Wrangling & Flowers in the Absaroka


Intro: Marianne S.
Narrative: Sherry M.

We may not normally think of our national parks as community gardens, but consider that Yellowstone Park itself, an ecosystem protected for the enjoyment of the public, averages 3-4 million visitors a year. And as a counterpoint consider the day-to-day experience of this world by a unique resident -- Sherry Moffatt -- whose entire life has been spent in Yellowstone Park and the Absaroka/Beartooth – parts of the Greater Yellowstone Ecosystem. Together with her family she has moved their cattle to and from federal grazing allotments in the Absaroka region and for most of her adult life, Sherry has been one of the few female wranglers in Yellowstone or perhaps anywhere else in the world.

Sherry is lovely, quiet and modest: her praises must be sung by others. She has been called by her husband, Doug, a man of strict standards, one of the best and most trustworthy wranglers he has every worked with. Here is her story.

“I have been riding these trails for years. I’ve worked with hunting and outfitter camps throughout this area. There used to be many more people on the trails. At night when we camped, you would see dozens of lights from other campfires. But ever since the [devastating] 1988 fires, many of the trails were blocked by deadfall and still are closed. We used to come from our ranch down to Silvertip Ranch on Slough Creek every spring over the Absaroka mountain pass. We haven’t been able to do that for years. No vehicles are allowed in this part of the Yellowstone. We and all our supplies come in by horse and wagon.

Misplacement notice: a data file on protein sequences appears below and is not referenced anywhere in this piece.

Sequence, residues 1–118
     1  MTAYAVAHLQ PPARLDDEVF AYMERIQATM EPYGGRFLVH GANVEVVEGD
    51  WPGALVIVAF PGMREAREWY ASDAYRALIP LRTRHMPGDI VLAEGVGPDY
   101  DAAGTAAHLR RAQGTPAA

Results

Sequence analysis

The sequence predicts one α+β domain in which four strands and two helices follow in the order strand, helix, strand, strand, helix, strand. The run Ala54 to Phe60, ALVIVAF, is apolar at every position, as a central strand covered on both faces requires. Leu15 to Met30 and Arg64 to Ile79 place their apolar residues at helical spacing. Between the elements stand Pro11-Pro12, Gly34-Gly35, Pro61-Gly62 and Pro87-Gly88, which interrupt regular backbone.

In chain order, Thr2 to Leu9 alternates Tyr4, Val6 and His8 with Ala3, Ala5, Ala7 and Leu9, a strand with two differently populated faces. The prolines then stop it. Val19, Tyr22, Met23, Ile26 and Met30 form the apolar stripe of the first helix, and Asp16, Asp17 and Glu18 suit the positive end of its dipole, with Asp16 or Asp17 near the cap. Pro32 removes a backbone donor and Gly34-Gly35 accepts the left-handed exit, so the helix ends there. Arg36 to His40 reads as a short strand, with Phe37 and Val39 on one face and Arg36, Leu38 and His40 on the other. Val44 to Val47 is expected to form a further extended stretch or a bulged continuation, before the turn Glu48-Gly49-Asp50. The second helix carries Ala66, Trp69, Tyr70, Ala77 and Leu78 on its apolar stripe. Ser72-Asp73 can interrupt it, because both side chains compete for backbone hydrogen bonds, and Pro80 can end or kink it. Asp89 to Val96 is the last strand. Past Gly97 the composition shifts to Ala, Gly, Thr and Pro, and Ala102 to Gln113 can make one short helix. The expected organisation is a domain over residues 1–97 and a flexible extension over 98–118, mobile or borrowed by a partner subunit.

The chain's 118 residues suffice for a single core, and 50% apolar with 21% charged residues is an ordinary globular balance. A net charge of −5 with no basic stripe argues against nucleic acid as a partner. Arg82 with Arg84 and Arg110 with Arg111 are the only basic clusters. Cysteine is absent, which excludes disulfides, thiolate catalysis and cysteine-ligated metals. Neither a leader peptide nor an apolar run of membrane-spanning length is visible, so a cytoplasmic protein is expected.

The smells are different after the fire. There used to be more forest and meadows and you would smell the trees and flowers. You could ride all the way up to Tucker Creek and the high meadows and it would be all timber.

At the ranch, I tried growing a garden. The season is short. My days working the trails and on the ranch are long. The ground squirrels ate most of my produce, so I eventually gave up. But I am so blessed. Everywhere you look here there are flowers and I love them. In the first part of May we get the early flowers – blue bells, glacier lilies (they don’t last very long), shooting stars and phlox. And then it just progresses. After riding these trails for years you just get to know where they are. One of my favorites, the magenta paintbrush, grows only at the higher ranges. There is the fairy slipper orchid which you very rarely see. Someone told me there were a couple in a small spruce grove near the ranch. Only twice have I every seen one, they are very small and hard to find.

One year when we had a lot of small stream runs through a nearby meadow, I found a White Bog Orchid. That was exciting! I haven’t seen one since. I have a camera for the first time ever and only today [July – 2017] took a picture of some small pink flowers 2-3 inches high. I am still seeing things I have not seen before. Now I can take pictures of them and go home and check in Whitney’s book.

Thanks to Sherry, who pointed out the White Bog Orchid to Whitney Tilt, it was included in his guide, Flora of the Yellowstone.

I am blessed to wake up each morning and put my feet on the ground. I feel blessed to be able to live in this world.”

-Story contributed by Marianne S. 

Photos Show

Wildflowers in the Absaroka Range

Wildflowers in the Absaroka Range

Sherry in a field of red Indian paintbrush, sticky geranium, and silver lupine. [View Additional File Details]

Slough Creek<br /><br />

Slough Creek

Silvertip Ranch in the background. Deadfall from the fires of 1988. [View Additional File Details]

Typical grouping of native plants

Typical grouping of native plants

Sagebrush and early season alpine meadow flowers, including phlox and pussytoes. [View Additional File Details]

View of grazing land and the mountains

View of grazing land and the mountains

Cite this Page

“Wrangling & Flowers in the Absaroka ,” Community of Gardens, accessed September 19, 2017, https:/​/​communityofgardens.​si.​edu/​items/​show/​12294.​
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